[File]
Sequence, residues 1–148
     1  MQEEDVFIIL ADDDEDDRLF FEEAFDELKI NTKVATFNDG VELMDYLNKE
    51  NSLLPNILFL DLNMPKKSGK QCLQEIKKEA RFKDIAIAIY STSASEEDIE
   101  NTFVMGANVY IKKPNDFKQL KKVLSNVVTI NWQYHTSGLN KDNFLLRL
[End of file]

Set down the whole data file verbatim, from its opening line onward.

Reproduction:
Sequence, residues 1–148
     1  MQEEDVFIIL ADDDEDDRLF FEEAFDELKI NTKVATFNDG VELMDYLNKE
    51  NSLLPNILFL DLNMPKKSGK QCLQEIKKEA RFKDIAIAIY STSASEEDIE
   101  NTFVMGANVY IKKPNDFKQL KKVLSNVVTI NWQYHTSGLN KDNFLLRL